The Racial Justice Poster Project honors and inspires racial justice movement building in Oakland and around the world, building on the legacy that the creation of political posters has sparked and nurtured as a part of social movements throughout history.
In 2008, Akonadi Foundation distributed our first Racial Justice poster on March 21, the International Day for the Elimination of Racial Discrimination, which commemorates the Sharpeville tragedy. On March 21, 1960, the movement against apartheid was spreading as blacks across South Africa began demonstrating against “pass laws” requiring them to carry identity cards. In the township of Sharpeville, a huge crowd of black Africans gathered peacefully outside a police station, singing and offering themselves up for not carrying cards. The police opened fire, killing sixty-nine people, including ten children.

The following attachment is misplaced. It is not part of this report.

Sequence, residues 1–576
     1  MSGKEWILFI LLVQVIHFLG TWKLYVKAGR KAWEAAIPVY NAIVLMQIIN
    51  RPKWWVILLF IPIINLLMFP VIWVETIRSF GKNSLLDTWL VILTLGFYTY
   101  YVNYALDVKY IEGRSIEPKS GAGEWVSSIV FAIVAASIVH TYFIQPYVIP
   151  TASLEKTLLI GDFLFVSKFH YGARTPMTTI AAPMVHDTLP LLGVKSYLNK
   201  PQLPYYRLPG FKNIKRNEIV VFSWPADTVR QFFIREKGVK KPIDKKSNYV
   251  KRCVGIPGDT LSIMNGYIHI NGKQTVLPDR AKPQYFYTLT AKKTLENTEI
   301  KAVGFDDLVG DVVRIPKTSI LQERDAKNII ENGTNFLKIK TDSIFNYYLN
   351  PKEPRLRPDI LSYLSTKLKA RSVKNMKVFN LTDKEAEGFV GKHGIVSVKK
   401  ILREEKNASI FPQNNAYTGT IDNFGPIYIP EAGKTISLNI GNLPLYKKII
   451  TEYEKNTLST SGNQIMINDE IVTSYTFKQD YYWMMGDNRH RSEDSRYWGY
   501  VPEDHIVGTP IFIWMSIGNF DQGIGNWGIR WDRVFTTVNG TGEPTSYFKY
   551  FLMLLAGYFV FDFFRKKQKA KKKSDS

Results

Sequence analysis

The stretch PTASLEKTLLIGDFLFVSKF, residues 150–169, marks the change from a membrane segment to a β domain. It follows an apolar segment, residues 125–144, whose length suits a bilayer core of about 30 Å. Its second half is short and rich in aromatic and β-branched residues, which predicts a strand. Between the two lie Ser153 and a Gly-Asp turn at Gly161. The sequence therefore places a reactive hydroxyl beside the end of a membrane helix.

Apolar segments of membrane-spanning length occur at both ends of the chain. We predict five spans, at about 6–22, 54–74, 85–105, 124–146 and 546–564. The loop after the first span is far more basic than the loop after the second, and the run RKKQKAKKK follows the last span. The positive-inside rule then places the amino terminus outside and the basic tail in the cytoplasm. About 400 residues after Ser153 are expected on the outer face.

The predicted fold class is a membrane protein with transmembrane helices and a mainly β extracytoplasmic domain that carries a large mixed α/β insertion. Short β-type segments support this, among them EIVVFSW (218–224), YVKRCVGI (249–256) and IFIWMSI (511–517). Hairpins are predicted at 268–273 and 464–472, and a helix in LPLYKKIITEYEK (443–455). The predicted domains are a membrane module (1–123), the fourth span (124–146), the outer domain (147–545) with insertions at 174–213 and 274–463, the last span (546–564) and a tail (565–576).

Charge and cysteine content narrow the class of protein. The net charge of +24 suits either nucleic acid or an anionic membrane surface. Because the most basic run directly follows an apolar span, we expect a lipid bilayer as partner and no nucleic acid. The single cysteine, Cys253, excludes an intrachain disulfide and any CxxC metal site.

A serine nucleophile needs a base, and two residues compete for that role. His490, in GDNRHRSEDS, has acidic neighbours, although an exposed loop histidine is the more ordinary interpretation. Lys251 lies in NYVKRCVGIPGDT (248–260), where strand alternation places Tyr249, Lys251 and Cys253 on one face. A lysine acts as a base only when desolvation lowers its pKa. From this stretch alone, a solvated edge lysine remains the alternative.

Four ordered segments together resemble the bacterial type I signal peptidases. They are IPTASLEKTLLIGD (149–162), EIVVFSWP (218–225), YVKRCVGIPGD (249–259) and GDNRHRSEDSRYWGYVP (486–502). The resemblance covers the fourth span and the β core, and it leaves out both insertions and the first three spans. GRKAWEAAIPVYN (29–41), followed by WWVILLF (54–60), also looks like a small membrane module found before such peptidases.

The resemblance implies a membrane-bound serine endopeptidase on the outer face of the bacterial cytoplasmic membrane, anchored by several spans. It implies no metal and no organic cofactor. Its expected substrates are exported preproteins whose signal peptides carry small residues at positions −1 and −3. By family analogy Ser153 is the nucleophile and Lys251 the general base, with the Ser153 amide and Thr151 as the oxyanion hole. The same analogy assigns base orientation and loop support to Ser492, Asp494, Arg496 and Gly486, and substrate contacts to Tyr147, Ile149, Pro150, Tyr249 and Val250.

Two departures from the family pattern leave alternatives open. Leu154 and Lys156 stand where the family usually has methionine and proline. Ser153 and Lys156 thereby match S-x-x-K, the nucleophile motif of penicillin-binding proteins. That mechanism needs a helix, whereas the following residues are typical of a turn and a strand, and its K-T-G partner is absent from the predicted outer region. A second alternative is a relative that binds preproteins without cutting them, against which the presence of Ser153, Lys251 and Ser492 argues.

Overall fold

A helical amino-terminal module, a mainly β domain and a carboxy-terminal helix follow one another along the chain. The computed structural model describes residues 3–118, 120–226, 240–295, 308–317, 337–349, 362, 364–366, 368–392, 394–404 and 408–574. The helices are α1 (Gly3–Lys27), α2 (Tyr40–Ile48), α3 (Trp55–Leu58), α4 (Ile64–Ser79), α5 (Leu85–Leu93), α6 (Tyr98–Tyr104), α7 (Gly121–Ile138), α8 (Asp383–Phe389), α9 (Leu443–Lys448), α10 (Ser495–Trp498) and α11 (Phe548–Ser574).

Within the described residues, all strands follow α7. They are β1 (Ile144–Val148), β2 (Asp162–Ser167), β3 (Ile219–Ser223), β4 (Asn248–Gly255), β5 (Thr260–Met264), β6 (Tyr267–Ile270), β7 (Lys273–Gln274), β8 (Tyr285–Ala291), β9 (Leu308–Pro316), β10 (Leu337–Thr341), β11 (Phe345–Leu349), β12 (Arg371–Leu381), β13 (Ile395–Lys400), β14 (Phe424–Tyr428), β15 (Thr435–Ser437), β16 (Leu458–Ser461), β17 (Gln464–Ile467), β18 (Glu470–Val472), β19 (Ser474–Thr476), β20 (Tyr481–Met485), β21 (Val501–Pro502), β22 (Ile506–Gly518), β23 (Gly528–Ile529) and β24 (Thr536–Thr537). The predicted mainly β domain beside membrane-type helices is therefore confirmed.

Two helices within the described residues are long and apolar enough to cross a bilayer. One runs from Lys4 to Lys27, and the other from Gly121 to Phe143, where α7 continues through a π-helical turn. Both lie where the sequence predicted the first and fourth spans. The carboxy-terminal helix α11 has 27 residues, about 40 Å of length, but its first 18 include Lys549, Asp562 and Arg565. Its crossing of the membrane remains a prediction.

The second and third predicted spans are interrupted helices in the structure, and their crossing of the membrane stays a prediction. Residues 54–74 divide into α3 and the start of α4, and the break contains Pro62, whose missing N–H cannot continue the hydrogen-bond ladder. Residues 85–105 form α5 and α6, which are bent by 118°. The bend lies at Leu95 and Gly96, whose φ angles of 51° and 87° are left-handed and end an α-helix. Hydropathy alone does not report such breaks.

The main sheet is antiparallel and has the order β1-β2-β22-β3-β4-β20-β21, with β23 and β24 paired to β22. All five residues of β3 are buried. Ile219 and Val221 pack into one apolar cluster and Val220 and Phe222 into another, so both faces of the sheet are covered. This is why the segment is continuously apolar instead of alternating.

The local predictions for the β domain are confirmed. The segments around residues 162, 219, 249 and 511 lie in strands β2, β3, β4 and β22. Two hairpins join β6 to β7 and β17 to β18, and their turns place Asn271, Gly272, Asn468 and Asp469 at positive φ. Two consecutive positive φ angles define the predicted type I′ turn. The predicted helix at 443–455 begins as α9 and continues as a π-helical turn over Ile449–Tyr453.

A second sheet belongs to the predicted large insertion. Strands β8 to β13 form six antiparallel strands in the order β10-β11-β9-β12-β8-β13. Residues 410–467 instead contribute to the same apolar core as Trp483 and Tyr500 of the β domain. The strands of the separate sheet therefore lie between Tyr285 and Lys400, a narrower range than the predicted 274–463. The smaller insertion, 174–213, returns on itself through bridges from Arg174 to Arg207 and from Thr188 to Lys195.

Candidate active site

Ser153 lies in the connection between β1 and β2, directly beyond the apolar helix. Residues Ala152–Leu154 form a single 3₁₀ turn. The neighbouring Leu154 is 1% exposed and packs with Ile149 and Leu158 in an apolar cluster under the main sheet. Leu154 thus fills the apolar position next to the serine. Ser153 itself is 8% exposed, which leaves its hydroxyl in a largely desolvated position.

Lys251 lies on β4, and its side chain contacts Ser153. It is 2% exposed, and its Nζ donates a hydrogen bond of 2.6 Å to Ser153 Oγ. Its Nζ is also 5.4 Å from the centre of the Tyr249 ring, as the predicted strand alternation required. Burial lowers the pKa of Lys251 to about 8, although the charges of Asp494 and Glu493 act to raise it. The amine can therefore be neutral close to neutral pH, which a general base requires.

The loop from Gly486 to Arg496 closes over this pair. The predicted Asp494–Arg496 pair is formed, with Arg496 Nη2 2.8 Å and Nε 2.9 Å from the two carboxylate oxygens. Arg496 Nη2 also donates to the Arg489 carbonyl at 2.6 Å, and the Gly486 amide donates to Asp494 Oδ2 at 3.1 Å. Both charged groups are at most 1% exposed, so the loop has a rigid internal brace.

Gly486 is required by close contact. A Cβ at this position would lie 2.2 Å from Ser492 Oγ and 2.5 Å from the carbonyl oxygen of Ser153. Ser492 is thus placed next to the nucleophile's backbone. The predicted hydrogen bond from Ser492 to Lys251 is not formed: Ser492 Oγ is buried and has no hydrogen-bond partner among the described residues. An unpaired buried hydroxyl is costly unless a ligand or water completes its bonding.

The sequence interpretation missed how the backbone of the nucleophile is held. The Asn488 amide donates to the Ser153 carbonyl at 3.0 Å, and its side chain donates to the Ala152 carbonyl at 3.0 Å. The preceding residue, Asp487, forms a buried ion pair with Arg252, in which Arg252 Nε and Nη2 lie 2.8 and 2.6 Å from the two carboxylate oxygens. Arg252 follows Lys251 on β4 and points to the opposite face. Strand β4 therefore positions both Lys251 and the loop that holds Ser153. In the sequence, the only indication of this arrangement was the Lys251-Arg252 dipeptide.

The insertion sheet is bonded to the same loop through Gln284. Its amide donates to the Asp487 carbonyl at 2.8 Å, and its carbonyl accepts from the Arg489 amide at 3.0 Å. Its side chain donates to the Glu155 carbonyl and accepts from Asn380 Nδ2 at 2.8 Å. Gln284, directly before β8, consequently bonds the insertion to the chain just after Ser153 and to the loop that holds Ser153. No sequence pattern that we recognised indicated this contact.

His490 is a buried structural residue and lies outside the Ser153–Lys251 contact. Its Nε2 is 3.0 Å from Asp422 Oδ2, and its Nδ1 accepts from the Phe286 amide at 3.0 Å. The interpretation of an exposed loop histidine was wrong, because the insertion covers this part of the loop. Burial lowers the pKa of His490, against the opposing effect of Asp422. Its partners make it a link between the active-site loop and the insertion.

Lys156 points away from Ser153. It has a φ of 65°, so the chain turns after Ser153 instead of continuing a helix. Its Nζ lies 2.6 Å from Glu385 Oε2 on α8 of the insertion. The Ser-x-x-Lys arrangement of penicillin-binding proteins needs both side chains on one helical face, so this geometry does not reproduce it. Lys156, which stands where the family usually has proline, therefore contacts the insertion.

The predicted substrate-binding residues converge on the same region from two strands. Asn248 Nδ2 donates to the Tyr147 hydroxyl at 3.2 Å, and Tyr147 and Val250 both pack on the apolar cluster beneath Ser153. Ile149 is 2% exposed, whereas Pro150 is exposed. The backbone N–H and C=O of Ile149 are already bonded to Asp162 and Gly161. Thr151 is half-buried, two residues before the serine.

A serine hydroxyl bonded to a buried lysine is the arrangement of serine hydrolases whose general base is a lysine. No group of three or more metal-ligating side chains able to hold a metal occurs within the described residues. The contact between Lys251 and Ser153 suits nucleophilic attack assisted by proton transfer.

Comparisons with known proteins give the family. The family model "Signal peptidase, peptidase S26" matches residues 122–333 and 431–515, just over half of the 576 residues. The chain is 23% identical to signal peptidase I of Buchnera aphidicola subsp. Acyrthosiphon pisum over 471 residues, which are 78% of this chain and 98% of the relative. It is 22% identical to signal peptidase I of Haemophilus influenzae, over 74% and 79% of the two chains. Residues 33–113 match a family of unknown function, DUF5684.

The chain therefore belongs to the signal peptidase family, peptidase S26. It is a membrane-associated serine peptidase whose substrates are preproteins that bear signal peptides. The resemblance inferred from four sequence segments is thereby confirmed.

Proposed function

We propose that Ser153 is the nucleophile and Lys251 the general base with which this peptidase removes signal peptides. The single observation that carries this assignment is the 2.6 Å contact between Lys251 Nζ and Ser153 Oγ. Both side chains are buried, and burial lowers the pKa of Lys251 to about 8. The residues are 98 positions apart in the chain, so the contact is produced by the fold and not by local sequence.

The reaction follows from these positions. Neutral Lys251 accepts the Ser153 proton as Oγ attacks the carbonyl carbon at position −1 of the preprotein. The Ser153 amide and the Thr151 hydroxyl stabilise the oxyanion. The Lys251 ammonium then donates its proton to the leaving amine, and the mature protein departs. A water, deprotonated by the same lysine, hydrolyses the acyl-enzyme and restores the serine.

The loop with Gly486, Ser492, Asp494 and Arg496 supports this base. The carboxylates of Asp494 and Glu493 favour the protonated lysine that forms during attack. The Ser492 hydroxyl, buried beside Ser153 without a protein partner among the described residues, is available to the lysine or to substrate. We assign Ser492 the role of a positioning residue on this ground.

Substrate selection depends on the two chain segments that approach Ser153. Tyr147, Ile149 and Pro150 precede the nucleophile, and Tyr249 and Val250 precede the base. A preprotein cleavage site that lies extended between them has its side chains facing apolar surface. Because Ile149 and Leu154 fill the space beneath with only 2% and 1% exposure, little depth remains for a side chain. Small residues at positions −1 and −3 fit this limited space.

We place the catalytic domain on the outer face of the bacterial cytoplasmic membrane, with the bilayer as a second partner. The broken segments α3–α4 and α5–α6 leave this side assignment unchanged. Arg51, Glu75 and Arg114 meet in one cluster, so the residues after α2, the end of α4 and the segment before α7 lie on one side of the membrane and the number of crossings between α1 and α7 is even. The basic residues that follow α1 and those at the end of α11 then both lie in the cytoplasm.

Today, the structures of racism live on with devastating impacts: in the redevelopment policies that destroy and displace communities of color; in public school funding tied to property values; in denial of jobs to people struggling to escape the prison-industrial complex; and in immigration policy that criminalizes people of color trying to survive global exploitation. Each day, the dream of racial justice is born again through new campaigns to challenge the racialized distribution of power and resources, in new policy ideas that expose and address racial inequity, and through new expressions of the voices and hearts of people forging a just world.
Each year, Akonadi Foundation commissions an artist to create a poster to reflect a vision of a racially just world. We believe that cultural strategies play a powerful role in changing hearts and minds, and are important and essential elements of movement building.